1,000

Other assets and liabilities

250

Net Cash provided from Operating Activities

$

180,050

Cash Flows provided from (Used by) Investing Activities

Capital additions

$

(120,000)

Net cash (Used by) Investing Activities

$

(120,000)

Repayment of long-term debt

$

(10,000)

Cash dividends paid

(20,000)

Net Cash (Used by) Financing Activities

$

(30,000)

$

Increase (Decrease) in Cash and Cash Equivalents

30,050

Cash and Cash Equivalents as of January 1, xxxx

9,950

Cash and Cash Equivalents as of December 31, xxxx

$

40,000

$

Interest Paid (Continuing Operations)

7,500

$

Income Taxes Paid (Continuing Operations)

30,000

Accounting For Life Insurance

Appendix H

Tools & Techniques of Life

Insurance Planning


Accounting For Life Insurance

Appendix H

Tools & Techniques of Life

Insurance Planning

  • Financial statements (cont’d)

    • Notes to the financial statement

      • Accounting methods utilized

      • leases and terms

      • Loans and loan repayment terms

      • Detained fixed asset information

      • Related party transactions

      • Income taxes

      • Subsequent events information, after financial statement closing but before financial statement release


Accounting For Life Insurance

Appendix H

Tools & Techniques of Life

Insurance Planning

  • Accounting basics

    • Double entry accounting

      • Assets = Liabilities + Equity

      • Debts = Credits

    • Assets generally have debit balances. Therefore, liability and equity accounts must have credit balances.

    • Expense and loss accounts ordinarily have debit balances. Revenue and gain accounts must therefore ordinarily have credit balances.

    • Journal Entries

      • Debit (Dr.) Cash 100

      • Credit (Cr.) Sales 100


Accounting For Life Insurance

Appendix H

Tools & Techniques of Life

Insurance Planning

  • Accounting basics (cont’d)

    • Basic Rules – Accounting for life insurance

      • Cash surrender values will generally be assets of the company

        • Assuming the company is the owner and beneficiary of the policy

      • Cash values will carry debit balances on the balance sheet

      • The current insurance expense will also carry a debit balance on the income statement

      • Any income from the policy, including a death benefit, or any increase in the cash surrender value in excess of premiums paid in the current period will be a credit entry to an income (credit) account


Accounting For Life Insurance

Appendix H

Tools & Techniques of Life

Insurance Planning

  • Accounting rules specifically affecting life insurance

    • Accounting guidelines

      • Unearned premiums are classified as part of “working capital,” but cash surrender values are not

      • Policy loans should be classified as current liabilities, when they are expected to be repaid within 12 months

      • If a loan is intended to be liquidated from the policy death benefit or upon the policy’s maturity or cancellation, the obligation should be excluded from current liabilities

      • The amount of the loans should be shown to reduce the cash surrender value

      • For corporate life insurance maintained for the purposes of stock redemption, the footnote disclosure should first show the cash surrender value on the balance sheet and then indicate disclosure of any commitments


Accounting For Life Insurance

Appendix H

Tools & Techniques of Life

Insurance Planning

  • Accounting rules specifically affecting life insurance (cont’d)

    • Examples of accounting journal entries

      • Corporation pays an insurance premium of $4,800 on a $100,000 policy on its president. The cash value increases from $20,000 to $22,000.

        Life Insurance Expense (Dr.) $2,800

        Cash Surrender Value of Insurance (Dr.) 2,000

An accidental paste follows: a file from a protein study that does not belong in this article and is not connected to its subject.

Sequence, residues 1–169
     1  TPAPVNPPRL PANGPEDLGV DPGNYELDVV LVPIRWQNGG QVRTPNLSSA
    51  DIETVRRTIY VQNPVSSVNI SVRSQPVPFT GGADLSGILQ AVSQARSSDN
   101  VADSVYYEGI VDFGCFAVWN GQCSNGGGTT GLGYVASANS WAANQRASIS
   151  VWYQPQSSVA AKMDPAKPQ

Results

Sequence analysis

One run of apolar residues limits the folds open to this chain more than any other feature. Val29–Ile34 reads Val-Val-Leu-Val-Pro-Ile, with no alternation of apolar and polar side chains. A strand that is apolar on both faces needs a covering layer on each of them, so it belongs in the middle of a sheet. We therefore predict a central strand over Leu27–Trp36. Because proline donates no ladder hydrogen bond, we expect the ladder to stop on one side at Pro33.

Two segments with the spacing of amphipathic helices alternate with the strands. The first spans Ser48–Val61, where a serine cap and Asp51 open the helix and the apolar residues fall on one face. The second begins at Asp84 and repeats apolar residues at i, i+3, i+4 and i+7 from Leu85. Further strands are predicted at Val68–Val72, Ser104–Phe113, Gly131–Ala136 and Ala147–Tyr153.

Cash (Cr.) $4,800

        If the insured died half-way through the most recent period of coverage (assuming cash surrender value of $21,000 and refund of one-half of premium paid):

        Cash $102,400

        Cash Surrender Value of Insurance 21,000

        Life Insurance Expense 2,400

        Gain on Life Insurance Coverage $ 79,000


Accounting For Life Insurance

Appendix H

Tools & Techniques of Life

Insurance Planning

  • Accounting rules specifically affecting life insurance (cont’d)

    • Alternative methods

      • Ratable charge method

        • Amortizes or expenses the true cost of the insurance coverage in a straight line

        • Based on the premise that a company buys a policy to cover a fixed period of time and the net costs should be recognized evenly over that period of time

    • FASB Technical Bulletin 85-4 (Accounting for Purchases of Life Insurance)

      • The amount that could be realized under the life insurance contract, as of the date of the statement of financial position, should be reported as an asset

      • The change in cash surrender value or contract value during the period is an adjustment of premiums paid in determining the expense or income to be recognized under the contract for the period


Accounting For Life Insurance

Appendix H

Tools & Techniques of Life

Insurance Planning

  • Summary

    • GAAP continues to recognize only the cash surrender value method of accounting

    • Accounting for key employee life insurance

      • Term insurance

        • Premium payments represent a pure current expense. Such costs should be charged against current income rather than retained earnings.

      • Permanent (cash value)

        • Premium payments are bifurcated. To the extent that a premium payment generates an increase in the cash value, a charge should be made to an asset account.

        • To the extent that a premium payment exceeds the increase in the cash value, a charge should be made to expense.


Accounting For Life Insurance

Appendix H

Tools & Techniques of Life

Insurance Planning

  • Summary (cont’d)

    • Accounting for key employee life insurance (cont’d)

      • Cash values

        • The firm’s balance sheet should show policy cash values as a “non-current” asset

      • Death proceeds

        • When an insured dies, the gain upon receipt of the insurance payment is typically reflected as a “special entry for non-recurring amounts” on the annual statement of operations.

        • Alternatively, the gain on receipt by a corporation of death proceeds may be carried directly to the business’s retained earnings account since it is, in effect, adjusting prior years’ activities.